As a policy and program developer at a non-profit environmental policy company in Washington, D.C., Anita Uyehara looked at the burgeoning environmental movement in todays teenagers and got her teaching degree. This week, she started as a second level biology teacher at T.C. Williams where her environmental background is in tune with the schools green design.
I found in them a great enthusiasm about environmental issues, she said, after working with interns at her old company and a three-month stretch as a substitute at T.C. By bringing these issues to teenagers, they can learn how to fix the problems from the bottom up. Her experience at T.C. was positive. I fell in love with it, she said.
In July 2006, she started taking an expedited masters degree program at the Virginia Tech satellite campus in this area and got her teaching degree this summer.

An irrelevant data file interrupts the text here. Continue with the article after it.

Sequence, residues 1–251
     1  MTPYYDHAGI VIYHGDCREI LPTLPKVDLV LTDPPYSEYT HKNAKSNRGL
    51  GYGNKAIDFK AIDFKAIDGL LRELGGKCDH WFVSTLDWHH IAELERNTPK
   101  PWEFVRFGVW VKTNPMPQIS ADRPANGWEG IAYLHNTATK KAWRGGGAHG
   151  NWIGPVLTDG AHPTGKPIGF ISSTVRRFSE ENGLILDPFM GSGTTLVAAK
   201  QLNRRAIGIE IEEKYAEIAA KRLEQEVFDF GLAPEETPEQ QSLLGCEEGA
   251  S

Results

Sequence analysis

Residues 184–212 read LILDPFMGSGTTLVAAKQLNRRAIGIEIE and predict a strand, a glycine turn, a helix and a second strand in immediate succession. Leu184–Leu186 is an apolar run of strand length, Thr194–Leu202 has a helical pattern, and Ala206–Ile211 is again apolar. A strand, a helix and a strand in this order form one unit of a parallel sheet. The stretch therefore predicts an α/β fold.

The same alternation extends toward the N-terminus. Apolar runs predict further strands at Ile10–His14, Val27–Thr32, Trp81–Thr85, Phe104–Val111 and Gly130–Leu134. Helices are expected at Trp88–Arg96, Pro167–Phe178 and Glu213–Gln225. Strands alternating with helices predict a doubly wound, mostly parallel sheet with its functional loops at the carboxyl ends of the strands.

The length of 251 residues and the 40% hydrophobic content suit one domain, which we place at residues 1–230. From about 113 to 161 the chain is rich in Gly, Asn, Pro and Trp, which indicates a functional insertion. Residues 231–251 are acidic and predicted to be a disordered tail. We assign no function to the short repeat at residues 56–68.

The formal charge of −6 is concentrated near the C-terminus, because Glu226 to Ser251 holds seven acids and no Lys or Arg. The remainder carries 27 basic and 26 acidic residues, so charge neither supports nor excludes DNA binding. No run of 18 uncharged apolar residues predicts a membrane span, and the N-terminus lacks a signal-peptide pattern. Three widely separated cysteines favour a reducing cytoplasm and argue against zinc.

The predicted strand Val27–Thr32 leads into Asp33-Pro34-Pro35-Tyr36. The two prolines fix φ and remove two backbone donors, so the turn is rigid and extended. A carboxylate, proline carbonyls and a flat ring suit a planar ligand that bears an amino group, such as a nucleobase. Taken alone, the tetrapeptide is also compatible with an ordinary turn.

Uyehara had 20 years with her company and entertained thoughts of retirement when she brought up the idea of teaching to her husband and three sons. The boys are supportive, she said. Two are college graduates and one son is a senior at a Fairfax County high school. Her husband helped her through the process and it opened both their eyes to the process teachers go through. My husband is gaining appreciation for the effort it takes to be a teacher. I am too, she said.
Uyehara lived abroad for many years as a child, learning Spanish along the way before settling in Northern Virginia. With the diverse population at T.C., I think it helps to be able to talk to the Spanish-speaking parents, she said.